Pakistani television station Geo at the weekend, were "misinterpreted".
Karzai has said that his country would support Pakistan if it was attacked by either the United States or India.
"God forbid, If any time war erupts between Pakistan and America, Afghanistan will side with Pakistan," Karzai said in an interview aired late Saturday.
The prospect of all-out conflict between the US and Pakistan remains remote, despite strained relations in recent months, following the killing of Osama bin Laden by US commandos in a secret raid in a Pakistani garrison town.
Nevertheless the comments raised eyebrows among Western officials in Kabul allied to the 10-year campaign to keep the Taliban from returning to power.
Christopher Chambers, a NATO spokesman, told reporters in Kabul that "we all need to focus on much wider dialogue that's required for peace... and which the people of both countries mostly certainly want and certainly deserve."
The palace insisted the remarks were broadcast out of context.
"Pakistani media has misinterpreted it," said the president's deputy spokesman Seyamak Herawi.
"They only showed the first part when the president says Afghanistan will back Pakistan if there is a war."
Instead, the reference was to Afghanistan's willingness to house refugees from Pakistan in case of any conflict, in the way that millions of Afghans are given refuge across the border in Pakistan's northwestern frontier region.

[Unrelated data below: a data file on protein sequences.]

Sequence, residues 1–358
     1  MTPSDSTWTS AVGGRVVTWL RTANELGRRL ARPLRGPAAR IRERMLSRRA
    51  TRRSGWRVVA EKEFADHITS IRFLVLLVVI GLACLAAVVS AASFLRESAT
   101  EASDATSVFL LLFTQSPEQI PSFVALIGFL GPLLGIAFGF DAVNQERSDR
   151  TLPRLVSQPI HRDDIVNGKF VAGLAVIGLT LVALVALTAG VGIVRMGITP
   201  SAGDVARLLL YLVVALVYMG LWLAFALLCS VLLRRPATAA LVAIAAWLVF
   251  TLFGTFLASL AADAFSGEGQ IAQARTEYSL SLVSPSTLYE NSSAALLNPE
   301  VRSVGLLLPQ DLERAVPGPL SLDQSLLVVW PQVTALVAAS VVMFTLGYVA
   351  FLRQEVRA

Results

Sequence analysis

"But in connection with the war on terrorism if there is a war on Pakistan, Afghanistan will not support that," he further stated.
Relations between Pakistan and Afghanistan have been long-tested, with Karzai recently accusing his neighbour of playing a "double-game" with Afghan insurgents fighting the US-led war effort who hold bases across the border.
In the Geo interview, Karzai also sought to assuage Pakistani fears over US influence in the region following the drawdown of Western combat forces by the end of 2014 and restated his conditions for a long term US partnership.
Afghanistan's conditions for a US deal include that American troops must not enter Afghan homes, implying that they should end controversial night raids in pursuit of Taliban targets that have caused many civilian casualties.